Jackie Kook, a teacher in Christina as well as the Vice-President of the Christina Educators Association, said she is really hoping all this works out for the best of Wilmington students.  A sentiment echoed by State Rep. Kim Williams.

The incoming Secretary of Education, Dr. Steven Sodowsky, was in attendance.  He seemed more personable in two hours than Mark Murphy did in three years!  Tony Allen did mention several times that WEIC does not answer to the DOE or Governor Markell.  While I want to believe this, I don’t trust the DOE or Markell, and for good reason.  We really have no clue about Sodowsky yet, but I’m glad he felt it was necessary to show up here.  He did say he would have probably been involved with this Commission through his work at University of Delaware, but something else came up…

At first I didn’t get why this group has to act so fast with their implementation plan to the State Board of Education.  WEIC has until 12/31/15 to get the State Board their plans, the State Board has until 3/31/16, and then the General Assembly takes the ball with it from there and if they pass a joint resolution, it goes to Governor Markell.  I think this last part is the reason for the tight time-frame.  This will essentially be the last General Assembly Governor Markell deals with.  After 6/30/16, they will be gone until the same time Governor Markell leaves office.  And with upcoming elections, the next General Assembly could look radically different than the one we have now.  Plus, I’m sure Jack Markell will be using this on his resume for the next fifty years…if it works.

Aside from State Rep. Kim Williams, the only other legislators in attendance were the two on WEIC, State Rep. Charles Potter and Senator David Sokola.  Allen wanted to give a shout-out to Williams who attended every single meeting of the Wilmington Education Advisory Committee last fall and winter.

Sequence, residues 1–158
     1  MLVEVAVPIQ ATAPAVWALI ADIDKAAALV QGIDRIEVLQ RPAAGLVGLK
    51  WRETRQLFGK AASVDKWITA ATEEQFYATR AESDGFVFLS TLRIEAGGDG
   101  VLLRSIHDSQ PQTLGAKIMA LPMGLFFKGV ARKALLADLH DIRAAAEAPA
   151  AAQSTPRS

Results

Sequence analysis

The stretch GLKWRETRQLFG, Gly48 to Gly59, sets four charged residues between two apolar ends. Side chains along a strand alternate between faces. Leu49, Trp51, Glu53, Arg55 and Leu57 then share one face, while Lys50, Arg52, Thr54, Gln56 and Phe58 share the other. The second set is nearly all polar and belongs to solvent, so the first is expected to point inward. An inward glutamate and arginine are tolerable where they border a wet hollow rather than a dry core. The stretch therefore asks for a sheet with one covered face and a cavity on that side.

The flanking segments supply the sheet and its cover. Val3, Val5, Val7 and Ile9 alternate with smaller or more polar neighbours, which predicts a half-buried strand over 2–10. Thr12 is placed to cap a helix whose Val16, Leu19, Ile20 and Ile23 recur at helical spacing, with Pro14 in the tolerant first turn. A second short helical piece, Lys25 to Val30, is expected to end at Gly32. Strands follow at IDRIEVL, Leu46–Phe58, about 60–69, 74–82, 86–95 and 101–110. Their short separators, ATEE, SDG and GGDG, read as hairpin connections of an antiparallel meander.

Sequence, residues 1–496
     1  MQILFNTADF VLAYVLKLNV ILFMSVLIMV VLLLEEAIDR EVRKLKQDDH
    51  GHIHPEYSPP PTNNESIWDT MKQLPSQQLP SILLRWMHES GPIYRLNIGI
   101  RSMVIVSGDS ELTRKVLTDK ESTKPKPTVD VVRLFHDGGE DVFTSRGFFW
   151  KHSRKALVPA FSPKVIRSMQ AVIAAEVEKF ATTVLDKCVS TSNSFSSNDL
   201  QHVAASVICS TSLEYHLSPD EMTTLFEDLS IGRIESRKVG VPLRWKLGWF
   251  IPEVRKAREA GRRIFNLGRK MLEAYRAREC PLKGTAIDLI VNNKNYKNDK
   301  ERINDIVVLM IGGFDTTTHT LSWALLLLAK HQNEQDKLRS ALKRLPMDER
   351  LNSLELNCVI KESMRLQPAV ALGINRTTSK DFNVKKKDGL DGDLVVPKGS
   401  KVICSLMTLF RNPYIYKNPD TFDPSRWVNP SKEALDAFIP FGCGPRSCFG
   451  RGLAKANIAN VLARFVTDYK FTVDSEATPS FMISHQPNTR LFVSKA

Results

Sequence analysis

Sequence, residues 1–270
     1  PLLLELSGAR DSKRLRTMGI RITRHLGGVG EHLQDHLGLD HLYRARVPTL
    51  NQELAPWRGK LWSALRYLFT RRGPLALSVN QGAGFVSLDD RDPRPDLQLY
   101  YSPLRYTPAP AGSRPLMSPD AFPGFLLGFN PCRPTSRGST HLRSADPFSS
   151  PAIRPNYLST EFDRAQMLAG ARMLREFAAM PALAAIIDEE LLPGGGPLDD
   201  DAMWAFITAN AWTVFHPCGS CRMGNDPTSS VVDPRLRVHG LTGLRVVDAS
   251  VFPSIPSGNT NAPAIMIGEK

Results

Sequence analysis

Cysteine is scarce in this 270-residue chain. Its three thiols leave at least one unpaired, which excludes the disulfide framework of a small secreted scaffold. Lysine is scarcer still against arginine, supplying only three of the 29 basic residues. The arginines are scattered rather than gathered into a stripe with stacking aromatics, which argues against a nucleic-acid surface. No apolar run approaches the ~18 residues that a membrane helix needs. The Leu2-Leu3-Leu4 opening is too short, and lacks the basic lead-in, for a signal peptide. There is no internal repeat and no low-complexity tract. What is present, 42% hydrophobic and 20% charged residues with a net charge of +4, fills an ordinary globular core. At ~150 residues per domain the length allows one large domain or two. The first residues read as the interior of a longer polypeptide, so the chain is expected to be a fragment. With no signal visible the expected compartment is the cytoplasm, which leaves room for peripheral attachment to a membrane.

No questions were asked about a Wilmington all-charter school district, and even if Governor Markell may want that, I don’t think it would fly with this group’s make-up.  Yes, there are some very pro-charter folks on it, but there is also a balance with many representing traditional school districts.  Very smart move for whoever came up with this!

1 thought on “Wilmington Education Improvement Commission First Meeting Notes

  1. I was at the first meeting of the Improvement Commission last night. The timetable is so tight that they must commit to a plan and present it at four Public Hearings before December. The WEIC would appear to be ready to rubber stamp an extension of Red Clay to include Christina’s portion of the East Side, over burdening a very fragile Red Clay. It has already been shown, there is no sense just busing students around.

    Wilmington needs schools and of course, PS can be a High School again. Hometown pride is infectious making Howard High School a demonstration of successful education within the Community.

    Thinking outside the box, would the students, suburban and city, be better off if a Vo-Tech model was produced allowing everyone to pursue a 21st Century vocation. After all, Charter schools are really just Vo-Techs for alternative careers, like banking and math.

    The future worth building is the Vo-Tech model for 21st Century skills and academics. Incorporate the current NCC Vo-Tech and the Wilmington improvement movement together. Bring in the 4 or 5 current districts for efficiency and tax across the County equally.

    But, don’t hang a “same old”, bloated, “consolidated” Super Red Clay on RC Suburban Taxpayers. It doesn’t work now and it really won’t work if the “Plan” is passed off on us!

    Like